Vivus needs more than boardroom shuffling to keep up with Arena's Belviq

And then there was one.

One pre-First Manhattan Co.-settlement Vivus director standing for re-election at the company's annual meeting, that is. The Mountain View, CA-based drugmaker announced Tuesday in a regulatory filing that J. Martin Carroll, Mark Logan and Robert Wilson would not seek to retain their board positions.

"We are grateful to Marty, Mark and Bob for their tireless efforts on behalf of Vivus," chairman Michael Astrue said in a statement. "The contributions from these individuals throughout their tenures have been invaluable, and we wish them the best in all future endeavors."

But while Vivus may boast a sea of new faces, its needs haven't changed. The company still has no marketing partner for Qsymia, an obesity drug that has disappointed since the drugmaker decided to launch it solo.

Carroll, Logan and Wilson will head the way of many of their colleagues since Vivus agreed to settle a proxy clash with dissident shareholder FMC over Qsymia's bungled launch. As part of the settlement agreement, Charles Mario, Linda Shortliffe, Peter Tam and Leland Wilson resigned from the board last July. FMC also booted Wilson from the CEO's chair in favor of Tony Zook, a former AstraZeneca ($AZN) sales chief. And since then, directors and senior managers have been dropping like flies.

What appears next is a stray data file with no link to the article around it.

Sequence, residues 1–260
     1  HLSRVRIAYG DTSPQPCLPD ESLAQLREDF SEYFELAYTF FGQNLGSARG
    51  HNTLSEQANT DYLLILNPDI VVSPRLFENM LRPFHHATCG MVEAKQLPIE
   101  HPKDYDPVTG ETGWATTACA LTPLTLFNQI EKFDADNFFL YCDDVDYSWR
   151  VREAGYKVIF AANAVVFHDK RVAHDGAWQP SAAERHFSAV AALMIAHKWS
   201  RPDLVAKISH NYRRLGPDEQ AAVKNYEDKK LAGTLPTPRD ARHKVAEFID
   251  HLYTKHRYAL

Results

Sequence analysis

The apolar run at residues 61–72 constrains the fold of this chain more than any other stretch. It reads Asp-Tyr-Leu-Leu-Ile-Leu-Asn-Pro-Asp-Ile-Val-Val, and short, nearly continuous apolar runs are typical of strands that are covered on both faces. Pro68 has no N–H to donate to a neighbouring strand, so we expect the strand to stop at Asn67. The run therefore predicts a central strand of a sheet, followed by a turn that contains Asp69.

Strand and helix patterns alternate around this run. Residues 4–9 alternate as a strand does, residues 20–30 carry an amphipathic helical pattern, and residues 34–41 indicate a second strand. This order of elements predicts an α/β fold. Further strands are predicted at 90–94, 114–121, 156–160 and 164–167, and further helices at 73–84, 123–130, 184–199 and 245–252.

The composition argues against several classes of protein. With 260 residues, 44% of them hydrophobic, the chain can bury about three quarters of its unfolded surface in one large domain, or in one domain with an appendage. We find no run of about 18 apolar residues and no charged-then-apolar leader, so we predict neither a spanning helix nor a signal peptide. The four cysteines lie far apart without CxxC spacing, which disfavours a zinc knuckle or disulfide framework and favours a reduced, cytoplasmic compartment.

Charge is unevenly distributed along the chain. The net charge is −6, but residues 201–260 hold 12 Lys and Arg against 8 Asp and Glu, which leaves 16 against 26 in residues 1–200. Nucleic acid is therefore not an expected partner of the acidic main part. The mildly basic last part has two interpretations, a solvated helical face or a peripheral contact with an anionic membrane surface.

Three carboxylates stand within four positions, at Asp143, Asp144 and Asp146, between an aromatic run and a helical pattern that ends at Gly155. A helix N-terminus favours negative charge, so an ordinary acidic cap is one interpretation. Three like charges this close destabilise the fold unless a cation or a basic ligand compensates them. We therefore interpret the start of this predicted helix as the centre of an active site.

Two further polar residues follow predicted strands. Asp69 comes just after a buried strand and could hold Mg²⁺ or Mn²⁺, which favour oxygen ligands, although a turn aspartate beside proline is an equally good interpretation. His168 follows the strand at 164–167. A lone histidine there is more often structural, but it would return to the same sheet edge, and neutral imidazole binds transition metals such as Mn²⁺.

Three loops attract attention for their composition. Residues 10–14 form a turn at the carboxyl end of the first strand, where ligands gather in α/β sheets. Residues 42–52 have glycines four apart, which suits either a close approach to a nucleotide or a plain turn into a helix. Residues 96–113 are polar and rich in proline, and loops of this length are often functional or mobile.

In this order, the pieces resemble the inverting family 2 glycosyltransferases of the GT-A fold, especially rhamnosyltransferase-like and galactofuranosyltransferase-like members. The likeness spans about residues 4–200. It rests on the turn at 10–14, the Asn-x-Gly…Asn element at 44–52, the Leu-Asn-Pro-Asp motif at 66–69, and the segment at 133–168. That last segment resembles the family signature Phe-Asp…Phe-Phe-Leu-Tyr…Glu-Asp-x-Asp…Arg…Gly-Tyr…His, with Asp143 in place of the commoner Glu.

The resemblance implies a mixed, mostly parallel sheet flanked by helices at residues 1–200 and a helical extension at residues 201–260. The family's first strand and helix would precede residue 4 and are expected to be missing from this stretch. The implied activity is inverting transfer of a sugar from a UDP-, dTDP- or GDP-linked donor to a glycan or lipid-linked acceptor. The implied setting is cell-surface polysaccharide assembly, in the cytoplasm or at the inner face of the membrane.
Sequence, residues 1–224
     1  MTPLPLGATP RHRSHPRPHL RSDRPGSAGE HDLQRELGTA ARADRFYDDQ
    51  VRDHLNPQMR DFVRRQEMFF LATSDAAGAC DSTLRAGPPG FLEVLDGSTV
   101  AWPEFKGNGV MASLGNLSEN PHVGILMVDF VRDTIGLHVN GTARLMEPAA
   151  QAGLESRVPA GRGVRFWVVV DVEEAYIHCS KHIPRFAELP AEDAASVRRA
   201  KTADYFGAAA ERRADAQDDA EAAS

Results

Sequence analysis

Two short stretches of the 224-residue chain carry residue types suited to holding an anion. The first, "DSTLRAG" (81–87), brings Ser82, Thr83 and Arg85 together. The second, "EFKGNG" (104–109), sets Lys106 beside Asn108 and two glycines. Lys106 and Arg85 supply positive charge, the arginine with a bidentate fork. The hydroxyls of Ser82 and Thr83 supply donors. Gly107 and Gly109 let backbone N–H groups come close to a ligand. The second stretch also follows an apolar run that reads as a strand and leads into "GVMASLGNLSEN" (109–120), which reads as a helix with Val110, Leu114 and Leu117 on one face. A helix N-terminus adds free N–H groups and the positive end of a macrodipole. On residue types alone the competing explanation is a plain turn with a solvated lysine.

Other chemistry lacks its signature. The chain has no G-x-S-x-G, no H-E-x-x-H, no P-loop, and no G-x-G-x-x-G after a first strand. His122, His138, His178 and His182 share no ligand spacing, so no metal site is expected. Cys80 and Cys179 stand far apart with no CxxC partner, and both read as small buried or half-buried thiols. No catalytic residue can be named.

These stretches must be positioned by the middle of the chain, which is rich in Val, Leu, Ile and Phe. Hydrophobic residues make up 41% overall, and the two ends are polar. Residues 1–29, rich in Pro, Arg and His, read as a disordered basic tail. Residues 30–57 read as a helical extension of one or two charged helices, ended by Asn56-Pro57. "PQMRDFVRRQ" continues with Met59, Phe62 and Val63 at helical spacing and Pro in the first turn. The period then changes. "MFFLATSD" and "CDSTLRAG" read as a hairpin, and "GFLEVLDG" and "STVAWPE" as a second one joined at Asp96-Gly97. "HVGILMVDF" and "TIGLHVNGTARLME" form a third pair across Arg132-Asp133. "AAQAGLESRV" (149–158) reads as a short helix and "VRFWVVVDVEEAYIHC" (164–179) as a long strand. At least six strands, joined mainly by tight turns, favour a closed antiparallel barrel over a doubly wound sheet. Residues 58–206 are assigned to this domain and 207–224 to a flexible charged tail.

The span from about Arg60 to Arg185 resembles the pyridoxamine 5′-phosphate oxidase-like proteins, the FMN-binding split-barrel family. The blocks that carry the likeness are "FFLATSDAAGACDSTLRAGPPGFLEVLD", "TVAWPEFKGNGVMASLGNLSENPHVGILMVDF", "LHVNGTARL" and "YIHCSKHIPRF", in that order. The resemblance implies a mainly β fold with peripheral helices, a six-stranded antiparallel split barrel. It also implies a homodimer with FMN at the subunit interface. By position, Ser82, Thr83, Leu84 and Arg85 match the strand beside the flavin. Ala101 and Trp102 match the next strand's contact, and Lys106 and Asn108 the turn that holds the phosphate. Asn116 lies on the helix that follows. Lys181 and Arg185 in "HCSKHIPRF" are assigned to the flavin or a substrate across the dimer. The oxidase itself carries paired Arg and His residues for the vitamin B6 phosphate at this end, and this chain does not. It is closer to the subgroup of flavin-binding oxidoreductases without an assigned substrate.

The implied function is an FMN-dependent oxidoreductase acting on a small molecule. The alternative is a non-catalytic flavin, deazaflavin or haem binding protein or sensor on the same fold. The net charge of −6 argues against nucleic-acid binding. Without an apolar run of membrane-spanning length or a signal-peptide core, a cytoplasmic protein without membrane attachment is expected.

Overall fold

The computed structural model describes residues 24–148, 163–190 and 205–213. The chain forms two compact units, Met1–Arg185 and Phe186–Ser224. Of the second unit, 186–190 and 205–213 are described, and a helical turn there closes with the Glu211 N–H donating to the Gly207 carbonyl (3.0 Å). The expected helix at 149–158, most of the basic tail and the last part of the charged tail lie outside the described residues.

The first departure of the Zook era was, well, Zook's. In his short-lived chief exec stint, Zook laid out a four-pronged marketing plan that spurred analyst hopes for a turnaround. But just a few months after Zook stepped into his new role, health reasons forced him to bow out suddenly.

On his heels was Tam, who vacated his position as president just over a month after Zook headed for the door. And next to go was CFO Timothy Morris, whose November exit Vivus announced along with plans to lay off 20 staffers. At the time, the flailing Qsymia had brought in just $6.4 million for the third quarter, vastly underperforming analysts' pre-launch projections, and the company was forced to cut its losses.

Putting the exclamation point on the exodus was the departure of Chief Commercial Officer Michael Miller. CEO Seth Fischer took over commercial duties in January, and Miller stayed on through mid-February to assist with the transition.

Vivus has clearly learned from its mistakes, inking not one but three marketing agreements with the likes of Sanofi ($SNY), Auxilium and Menarini to hawk its erectile dysfunction med Stendra. But it's sinking in an obesity field where it largely squandered a first-to-market advantage over Arena, which signed on Eisai to market its own entrant, Belviq.

And since then, the Japanese pharma has shown Vivus exactly what it's missing out on. Since taking up Belviq marketing, it's added more than 200 reps to its original sales force, broadening its reach from just under 25,000 doctors to just under 65,000. As of last week, Belviq new prescriptions had reached an all-time high, with Belviq's scripts "growing much faster, inching closer to Qsymia," Cowen analysts wrote in a note.

And unfortunately for Vivus, without some sales aid, leadership changes won't help it catch up. -- Carly Helfand (email | Twitter)